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Ugly truths lurk behind tourism’s attractive face

The state intervenes to acquire land in the interest of big businesses, who are attracted to set up luxury hotels and other recreational services. Consequently, the original inhabitants, dispossessed of their own land and livelihood, receive either no or inadequate compensation.

SATYAKI DASGUPTA/ANNESHA MUKHERJEE | New Delhi |

The pandemic has severely affected the tourism industry of the country. Reports were written about how natives of popular tourist places had no source of livelihood since their employment is completely dependent on the inflow of tourists. They received almost no institutional help and were left to fend for themselves.

Tourism is a luxury industry, and the livelihoods of several smallscale service providers and workers is dependent on it. Tourism is looked at as a blessing from the world of the rich to those living in remote areas it creates jobs for locals (hotel and restaurant managers, valets, cooks, waiters, toto and taxi drivers, local artisans and artists), improves connectivity of remote areas, and acts as a getaway for those who can afford it.

The World Bank lists some positive effects of tourism: poverty reduction and upgradation of skills among locals, increase in GDP of the host country, and protection of the environment and cultural heritage. Being an important source of foreign exchange, the state supports the promotion of tourism. Several governments advertise their states as the ideal tourist destination, through catchphrases like Incredible India, Atithi Devo Bhava and God’s Own Country.

Promotion of tourism generally implies ‘developing’ aesthetic semiurban areas. These places have been left out of the conventional discourse of development and are addressed insofar as it would attract tourists. Identifying the ‘potential’ of these places, the government often acts as agents for big businesses, giving them incentives to set up hotels and tourism packages. Hundred per cent Foreign Direct Investment is allowed in the tourism and hotel sector, and a tax holiday has been offered for hotels located around UNESCO world heritage sites.

Such incentives are provided to businesses in other places as well. For example, the Karnataka Tourism Policy 2015-2020 attempts to attract private investors by offering a complete exemption and reimbursement to projects which aim to develop tourism in “most backward and more backward regions.”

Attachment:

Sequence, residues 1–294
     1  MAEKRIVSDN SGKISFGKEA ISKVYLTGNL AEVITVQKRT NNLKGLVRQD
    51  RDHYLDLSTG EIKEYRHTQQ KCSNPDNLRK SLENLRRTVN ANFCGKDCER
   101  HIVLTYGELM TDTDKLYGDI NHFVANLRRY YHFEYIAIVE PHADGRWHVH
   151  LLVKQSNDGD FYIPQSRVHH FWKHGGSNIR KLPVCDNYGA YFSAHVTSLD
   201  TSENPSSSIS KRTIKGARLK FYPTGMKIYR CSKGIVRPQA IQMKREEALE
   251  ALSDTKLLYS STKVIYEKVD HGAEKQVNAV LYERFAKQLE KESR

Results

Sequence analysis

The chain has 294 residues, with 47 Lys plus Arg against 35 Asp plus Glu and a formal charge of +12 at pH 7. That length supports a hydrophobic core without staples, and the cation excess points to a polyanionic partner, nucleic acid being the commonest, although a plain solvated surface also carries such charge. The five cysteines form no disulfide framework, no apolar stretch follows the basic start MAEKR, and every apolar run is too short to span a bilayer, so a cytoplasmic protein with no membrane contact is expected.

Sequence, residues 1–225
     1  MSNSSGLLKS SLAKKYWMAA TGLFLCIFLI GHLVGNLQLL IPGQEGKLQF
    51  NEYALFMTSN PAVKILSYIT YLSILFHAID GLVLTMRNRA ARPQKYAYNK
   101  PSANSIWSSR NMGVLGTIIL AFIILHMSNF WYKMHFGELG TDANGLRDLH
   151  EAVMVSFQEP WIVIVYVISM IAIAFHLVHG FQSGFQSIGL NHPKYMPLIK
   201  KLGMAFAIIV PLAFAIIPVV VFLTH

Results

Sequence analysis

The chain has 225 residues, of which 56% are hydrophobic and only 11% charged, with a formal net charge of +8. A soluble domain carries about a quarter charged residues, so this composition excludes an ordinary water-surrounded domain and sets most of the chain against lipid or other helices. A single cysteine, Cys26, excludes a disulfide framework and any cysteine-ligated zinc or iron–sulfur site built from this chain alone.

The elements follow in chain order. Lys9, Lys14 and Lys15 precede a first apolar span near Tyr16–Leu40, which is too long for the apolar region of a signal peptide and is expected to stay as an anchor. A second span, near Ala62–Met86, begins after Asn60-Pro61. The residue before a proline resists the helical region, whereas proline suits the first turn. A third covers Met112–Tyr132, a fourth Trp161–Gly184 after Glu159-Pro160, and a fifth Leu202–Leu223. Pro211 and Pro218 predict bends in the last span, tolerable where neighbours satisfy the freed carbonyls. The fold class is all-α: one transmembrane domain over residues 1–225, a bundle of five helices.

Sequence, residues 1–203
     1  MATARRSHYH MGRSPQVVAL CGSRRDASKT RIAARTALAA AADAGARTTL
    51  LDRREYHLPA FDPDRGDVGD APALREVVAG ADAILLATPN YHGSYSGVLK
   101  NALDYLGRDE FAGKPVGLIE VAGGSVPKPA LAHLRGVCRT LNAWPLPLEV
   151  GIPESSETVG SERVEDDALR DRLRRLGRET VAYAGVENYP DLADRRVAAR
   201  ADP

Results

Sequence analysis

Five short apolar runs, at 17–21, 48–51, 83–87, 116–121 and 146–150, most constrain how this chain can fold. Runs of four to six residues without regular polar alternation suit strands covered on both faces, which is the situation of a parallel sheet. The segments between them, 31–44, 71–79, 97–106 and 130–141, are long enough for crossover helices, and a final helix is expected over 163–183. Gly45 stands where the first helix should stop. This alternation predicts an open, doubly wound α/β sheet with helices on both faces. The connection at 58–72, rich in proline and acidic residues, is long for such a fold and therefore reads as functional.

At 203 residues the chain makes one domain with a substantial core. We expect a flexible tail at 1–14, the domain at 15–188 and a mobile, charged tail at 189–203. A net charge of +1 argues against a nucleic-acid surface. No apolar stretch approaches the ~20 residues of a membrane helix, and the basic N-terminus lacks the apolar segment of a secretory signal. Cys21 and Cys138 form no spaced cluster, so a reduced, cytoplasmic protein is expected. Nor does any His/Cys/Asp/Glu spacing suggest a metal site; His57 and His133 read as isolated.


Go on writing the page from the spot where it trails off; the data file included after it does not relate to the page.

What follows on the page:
There is a need to shift the focus from picturesque luxuries and wanderlust of tourists to workers in general and local inhabitants of tourist places, in particular. The state intervenes to acquire land in the interest of big businesses, who are attracted to set up luxury hotels and other recreational services. Consequently, the original inhabitants, dispossessed of their own land and livelihood, receive either no or inadequate compensation.

Furthermore, since most lack the skills or training for a formal job, displaced locals are compelled to take up some form of informal work to earn their living auto, bus, and toto drivers, workers in small restaurants, valets in hotels, photographers who run after tourists, guides, etc. Their livelihood, now, has not only a component of economic exploitation that is common across most occupations, but also a situation of dependence where urban tourists hold power over them.

The motivation is to cater to the tastes and preferences of foreign visitors and upper-middle class domestic travelers who usually reside in congested urban areas. They typically look for some respite from their busy lives which makes them appreciate the tranquility and ‘countryside feels’ offered in touristy places. These urban tourists wish to experience the lifestyle of local people, which is deemed idyllic and romantic. The tough conditions of living are thus simulated in an attractive fashion, making a mockery of the vulnerability of the local people’s lifestyles.

For example, Lemontree Mudhouse in Pune urges tourists to “show the kids what it’s like to live as a farmer does. Pure. Unsullied.” and Red Earth Kabini resort in Mysore boasts on their website, “Our cottages at Kabini…are built with red mud that was originally dug up when the site was being excavated”.